Posted by Michael Kennedy on June 20th, 2012 (All posts by Michael Kennedy)
This morning, moments before a House vote on Contempt of Congress by Eric Holder, the Attorney General, the White House announced that President Obama is invoking executive privilege. Holder requested the action in a letter to Obama.
He said making the documents public “would have significant, damaging consequences,” but he did not disclose whether Obama has been briefed or had another supervisory role in Fast and Furious.
This raises the question of whether there are Obama fingerprints on the policy. Some documents have been released and some others, including incriminating e-mails, have been leaked to the committee. So far, Obama’s name has not been found in the documents. His action will now raise suspicion and will force news media, that have minimized the scandal, to inform incredulous readers that it is a big deal after all.
Richard Nixon could have ignored the burglary of the DNC offices in 1972. We now know that nothing was found that would have tarnished his reputation. It was the coverup that damaged him fatally. The election is coming in 5 months. The Watergate story did not really break until after the 1972 election. This seems to be breaking much sooner and its effect on Obama’s chances are hard to predict. The coming Supreme Court decision on Obamacare may overshadow this story.
Sen. Chuck Grassley, ranking member of the Senate Judiciary Committee, asked how Obama could assert executive privilege “if there is no White House involvement?”
A spokesman for House Speaker John Boehner said Obama’s move “implies that White House officials were either involved in the ‘Fast and Furious’ operation or the cover-up that followed.”
“The administration has always insisted that wasn’t the case. Were they lying, or are they now bending the law to hide the truth?” Brendan Buck said.
It doesn’t sound like it is going to subside anytime soon. It will be interesting to see if more leaks appear. The White House leaks like a sieve and not all are Obama fans, it seems.
Powerline writes that It won’t prevent Holder form being held in contempt.
Whether these consequences and concerns form the basis for a valid assertion of executive privilege is another matter. I’m no expert on the subject, nor do I know all of the ins-and-outs of the dispute between Holder and Issa’s Committee. However, when Congress has a sound basis for believing that the Executive branch lied to it over material matters as part of a coverup in the course of a legitimate congressional oversight investigation, regard for a proper balance in the relationship between Congress and the Executive argues strongly in favor of enabling Congress to obtain all documents relevant to the coverup, including those generated during the process through which the cover-up is reasonably believed to have occurred.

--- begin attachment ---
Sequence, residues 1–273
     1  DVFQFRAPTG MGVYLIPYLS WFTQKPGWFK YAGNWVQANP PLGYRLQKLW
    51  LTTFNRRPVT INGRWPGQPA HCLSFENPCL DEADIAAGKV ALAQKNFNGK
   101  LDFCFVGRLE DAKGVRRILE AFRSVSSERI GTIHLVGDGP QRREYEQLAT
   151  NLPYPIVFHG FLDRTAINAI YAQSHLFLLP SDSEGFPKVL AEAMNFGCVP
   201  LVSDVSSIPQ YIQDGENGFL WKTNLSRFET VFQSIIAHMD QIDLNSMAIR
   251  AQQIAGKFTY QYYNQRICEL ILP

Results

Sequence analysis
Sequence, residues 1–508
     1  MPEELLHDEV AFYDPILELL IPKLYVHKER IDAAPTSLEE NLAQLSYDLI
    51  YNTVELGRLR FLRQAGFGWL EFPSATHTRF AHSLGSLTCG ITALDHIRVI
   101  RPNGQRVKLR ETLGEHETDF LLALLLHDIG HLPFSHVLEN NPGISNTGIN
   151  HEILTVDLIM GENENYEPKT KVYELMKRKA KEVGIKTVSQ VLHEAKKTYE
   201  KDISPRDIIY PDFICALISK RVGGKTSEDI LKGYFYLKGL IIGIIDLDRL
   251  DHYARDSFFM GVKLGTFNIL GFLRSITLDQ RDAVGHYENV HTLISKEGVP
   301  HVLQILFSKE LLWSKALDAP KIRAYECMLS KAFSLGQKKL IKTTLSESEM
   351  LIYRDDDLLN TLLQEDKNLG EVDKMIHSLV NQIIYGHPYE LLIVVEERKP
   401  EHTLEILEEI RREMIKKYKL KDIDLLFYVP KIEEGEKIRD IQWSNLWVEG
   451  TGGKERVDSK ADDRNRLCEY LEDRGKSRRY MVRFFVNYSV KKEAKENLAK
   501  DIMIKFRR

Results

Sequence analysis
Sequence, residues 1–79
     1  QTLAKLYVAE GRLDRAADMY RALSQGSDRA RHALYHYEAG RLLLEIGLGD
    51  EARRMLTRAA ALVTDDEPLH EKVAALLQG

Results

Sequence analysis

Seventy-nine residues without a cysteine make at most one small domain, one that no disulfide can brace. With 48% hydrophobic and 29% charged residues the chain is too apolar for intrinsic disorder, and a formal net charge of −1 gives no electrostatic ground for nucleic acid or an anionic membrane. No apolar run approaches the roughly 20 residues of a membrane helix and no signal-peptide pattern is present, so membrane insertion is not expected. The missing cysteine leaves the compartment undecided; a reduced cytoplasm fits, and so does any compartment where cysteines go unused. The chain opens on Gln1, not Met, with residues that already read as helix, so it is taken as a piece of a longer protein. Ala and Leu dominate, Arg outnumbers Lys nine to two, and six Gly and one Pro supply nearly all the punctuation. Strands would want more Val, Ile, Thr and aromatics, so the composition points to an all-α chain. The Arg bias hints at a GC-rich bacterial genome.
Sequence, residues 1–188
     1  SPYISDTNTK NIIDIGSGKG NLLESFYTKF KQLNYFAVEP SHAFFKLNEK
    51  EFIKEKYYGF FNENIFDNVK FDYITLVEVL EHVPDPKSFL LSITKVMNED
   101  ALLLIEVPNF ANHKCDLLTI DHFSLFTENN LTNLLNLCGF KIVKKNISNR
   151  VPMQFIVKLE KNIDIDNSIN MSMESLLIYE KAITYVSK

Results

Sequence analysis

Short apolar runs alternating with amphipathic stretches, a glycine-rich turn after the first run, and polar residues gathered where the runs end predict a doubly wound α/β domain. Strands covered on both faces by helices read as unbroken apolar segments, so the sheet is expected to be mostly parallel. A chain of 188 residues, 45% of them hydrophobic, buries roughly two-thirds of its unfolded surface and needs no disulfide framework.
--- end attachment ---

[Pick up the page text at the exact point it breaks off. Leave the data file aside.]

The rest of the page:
It will be interesting and may affect the election.
National Review Online has a piece that may explain the program.
an e-mail sent on July 14, 2010. After the operation, former ATF field operations assistant director Mark Chait e-mailed Bill Newell, then ATF’s Phoenix special agent in charge of Fast and Furious, to suggest a possible way to use Fast and Furious:
Bill — can you see if these guns were all purchased from the same (licensed gun dealer) and at one time. We are looking at anecdotal cases to support a demand letter on long gun multiple sales. Thanks.
This “demand letter” refers to the push for a policy that would require U.S. gun shops in southwestern states to report the sale of several rifles or shotguns to a single buyer. According to CBS, “Demand Letter 3 was so named because it would be the third ATF program demanding gun dealers report tracing information.”
This may have begun as an attempt to require licenses for long guns.